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At issue is the current practice of “patenting tax strategies,” which the FPA says, “has hindered the financial planning process for both practitioners and consumers.”
"The Committee’s action on this bill is a tremendous step on behalf of taxpayers and their financial planners," Marvin W. Tuttle (left), executive director and CEO of the FPA, said in an announcement. "The practice of patenting a specific strategy is like a football team laying claim to the Hail Mary and forbidding other teams to use it in their playbook. FPA encourages the Senate to put American taxpayers first and pass the bill, which will lift the burden that has been unnecessarily inflicted on the tax and planning process."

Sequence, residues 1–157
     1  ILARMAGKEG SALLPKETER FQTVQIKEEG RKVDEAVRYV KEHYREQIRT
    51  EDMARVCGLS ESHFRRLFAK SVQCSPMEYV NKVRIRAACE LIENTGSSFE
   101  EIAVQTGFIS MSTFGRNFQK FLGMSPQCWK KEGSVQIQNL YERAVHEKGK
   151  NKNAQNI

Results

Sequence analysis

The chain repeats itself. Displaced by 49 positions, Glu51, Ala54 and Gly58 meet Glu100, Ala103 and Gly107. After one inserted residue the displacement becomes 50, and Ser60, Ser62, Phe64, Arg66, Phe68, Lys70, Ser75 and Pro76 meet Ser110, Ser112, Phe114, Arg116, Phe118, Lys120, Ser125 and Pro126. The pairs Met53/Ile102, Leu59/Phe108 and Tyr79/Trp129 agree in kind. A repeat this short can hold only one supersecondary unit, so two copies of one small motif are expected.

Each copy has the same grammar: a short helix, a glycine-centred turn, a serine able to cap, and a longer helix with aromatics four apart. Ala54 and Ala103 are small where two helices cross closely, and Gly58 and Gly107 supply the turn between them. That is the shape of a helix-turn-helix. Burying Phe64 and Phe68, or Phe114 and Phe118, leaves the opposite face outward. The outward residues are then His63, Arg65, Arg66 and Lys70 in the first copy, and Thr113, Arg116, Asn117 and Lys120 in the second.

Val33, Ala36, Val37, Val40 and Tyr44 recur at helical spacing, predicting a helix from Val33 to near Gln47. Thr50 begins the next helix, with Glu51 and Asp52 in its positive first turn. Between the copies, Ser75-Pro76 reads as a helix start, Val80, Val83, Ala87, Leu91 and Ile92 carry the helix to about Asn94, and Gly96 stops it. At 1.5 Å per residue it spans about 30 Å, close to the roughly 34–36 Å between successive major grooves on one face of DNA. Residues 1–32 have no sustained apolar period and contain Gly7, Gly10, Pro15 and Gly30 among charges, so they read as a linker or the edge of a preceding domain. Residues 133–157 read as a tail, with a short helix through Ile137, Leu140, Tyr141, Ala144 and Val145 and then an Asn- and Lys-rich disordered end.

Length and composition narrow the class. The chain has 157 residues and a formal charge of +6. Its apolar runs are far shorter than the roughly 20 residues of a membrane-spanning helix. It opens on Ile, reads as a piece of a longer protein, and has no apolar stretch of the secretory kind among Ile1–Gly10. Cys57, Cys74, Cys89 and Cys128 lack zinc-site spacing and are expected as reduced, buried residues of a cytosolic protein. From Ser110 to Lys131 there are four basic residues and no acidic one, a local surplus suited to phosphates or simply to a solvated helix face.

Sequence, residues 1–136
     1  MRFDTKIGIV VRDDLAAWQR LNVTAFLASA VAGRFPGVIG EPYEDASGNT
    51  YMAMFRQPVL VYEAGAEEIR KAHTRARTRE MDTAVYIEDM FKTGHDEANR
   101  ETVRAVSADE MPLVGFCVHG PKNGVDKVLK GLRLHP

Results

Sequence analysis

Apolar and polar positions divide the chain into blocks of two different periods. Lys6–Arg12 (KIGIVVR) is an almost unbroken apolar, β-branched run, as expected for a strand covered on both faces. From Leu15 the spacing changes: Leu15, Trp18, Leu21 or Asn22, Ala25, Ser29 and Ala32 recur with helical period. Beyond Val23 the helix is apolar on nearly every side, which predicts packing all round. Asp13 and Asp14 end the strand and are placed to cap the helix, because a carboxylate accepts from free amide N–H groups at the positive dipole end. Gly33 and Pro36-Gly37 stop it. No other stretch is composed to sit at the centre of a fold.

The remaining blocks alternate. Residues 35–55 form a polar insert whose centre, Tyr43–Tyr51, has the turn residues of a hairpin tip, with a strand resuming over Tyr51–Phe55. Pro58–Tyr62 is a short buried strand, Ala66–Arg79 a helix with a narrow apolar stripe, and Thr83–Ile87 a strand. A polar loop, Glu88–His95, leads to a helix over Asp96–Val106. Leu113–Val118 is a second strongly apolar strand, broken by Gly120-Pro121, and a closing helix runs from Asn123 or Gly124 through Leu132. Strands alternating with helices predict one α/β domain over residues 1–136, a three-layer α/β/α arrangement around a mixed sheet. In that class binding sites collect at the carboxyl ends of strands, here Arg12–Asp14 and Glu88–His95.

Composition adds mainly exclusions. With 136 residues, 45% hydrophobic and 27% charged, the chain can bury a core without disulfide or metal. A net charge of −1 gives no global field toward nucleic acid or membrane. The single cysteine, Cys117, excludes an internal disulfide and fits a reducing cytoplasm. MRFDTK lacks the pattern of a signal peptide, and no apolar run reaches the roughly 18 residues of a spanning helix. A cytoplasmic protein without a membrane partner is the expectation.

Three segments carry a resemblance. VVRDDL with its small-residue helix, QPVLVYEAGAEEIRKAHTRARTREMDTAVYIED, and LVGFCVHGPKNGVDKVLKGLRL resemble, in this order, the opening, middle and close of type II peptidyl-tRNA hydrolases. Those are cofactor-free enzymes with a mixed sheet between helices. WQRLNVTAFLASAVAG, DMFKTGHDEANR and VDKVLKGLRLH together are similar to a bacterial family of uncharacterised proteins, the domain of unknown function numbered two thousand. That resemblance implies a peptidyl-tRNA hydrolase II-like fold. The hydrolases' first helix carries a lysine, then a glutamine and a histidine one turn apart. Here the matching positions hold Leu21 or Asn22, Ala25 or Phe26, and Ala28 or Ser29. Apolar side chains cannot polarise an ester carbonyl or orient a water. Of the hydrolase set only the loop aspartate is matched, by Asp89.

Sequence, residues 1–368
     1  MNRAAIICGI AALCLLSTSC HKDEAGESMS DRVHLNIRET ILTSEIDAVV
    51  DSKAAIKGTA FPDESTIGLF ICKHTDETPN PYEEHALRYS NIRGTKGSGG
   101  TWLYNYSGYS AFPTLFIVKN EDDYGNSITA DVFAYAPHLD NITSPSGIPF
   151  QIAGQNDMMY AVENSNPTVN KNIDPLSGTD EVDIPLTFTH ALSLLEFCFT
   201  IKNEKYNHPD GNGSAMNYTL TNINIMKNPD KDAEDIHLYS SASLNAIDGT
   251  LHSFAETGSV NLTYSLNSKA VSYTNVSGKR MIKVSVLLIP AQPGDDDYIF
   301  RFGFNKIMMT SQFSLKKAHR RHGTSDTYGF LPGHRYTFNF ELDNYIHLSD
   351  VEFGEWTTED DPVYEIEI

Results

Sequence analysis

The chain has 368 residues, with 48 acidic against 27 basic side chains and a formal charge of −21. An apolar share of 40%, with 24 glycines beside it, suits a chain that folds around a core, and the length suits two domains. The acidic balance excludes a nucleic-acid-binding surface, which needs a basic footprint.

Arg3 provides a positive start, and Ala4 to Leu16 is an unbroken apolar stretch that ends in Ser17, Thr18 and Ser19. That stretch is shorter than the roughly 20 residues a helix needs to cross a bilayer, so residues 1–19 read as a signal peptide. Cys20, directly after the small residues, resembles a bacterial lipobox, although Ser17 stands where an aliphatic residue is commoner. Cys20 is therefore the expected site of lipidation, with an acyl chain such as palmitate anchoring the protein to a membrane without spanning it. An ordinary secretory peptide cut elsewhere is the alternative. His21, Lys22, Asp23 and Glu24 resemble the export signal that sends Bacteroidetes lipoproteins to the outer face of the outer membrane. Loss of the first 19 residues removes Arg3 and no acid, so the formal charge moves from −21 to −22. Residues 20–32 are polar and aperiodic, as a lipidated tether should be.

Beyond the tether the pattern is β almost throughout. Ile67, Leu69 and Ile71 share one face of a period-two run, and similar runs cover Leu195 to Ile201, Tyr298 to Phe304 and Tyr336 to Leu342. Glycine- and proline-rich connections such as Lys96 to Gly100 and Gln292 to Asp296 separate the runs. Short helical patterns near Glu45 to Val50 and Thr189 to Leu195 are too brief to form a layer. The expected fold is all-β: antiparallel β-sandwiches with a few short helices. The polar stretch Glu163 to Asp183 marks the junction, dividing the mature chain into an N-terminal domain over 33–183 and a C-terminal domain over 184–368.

The FPA pointed out in its release that, “Patenting tax strategies and corresponding ‘advice’ has been an increasing problem because it limits the ability of taxpayers to fully utilize interpretations of tax law intended by Congress. Many feel that it has created a monopoly for the patent holders to determine who can and cannot utilize parts of the tax code.”
The FPA also noted the extra burden that patents of this type place on planners, saying it “believes” that patenting tax strategies “has also affected the creation of financial plans because it requires the planner to be aware of ever-increasing strategy patents, in addition to ever-changing tax laws. Advisors must seek permission from the patent holder to provide the most advantageous advice to clients, or risk a lawsuit for themselves and their clients.”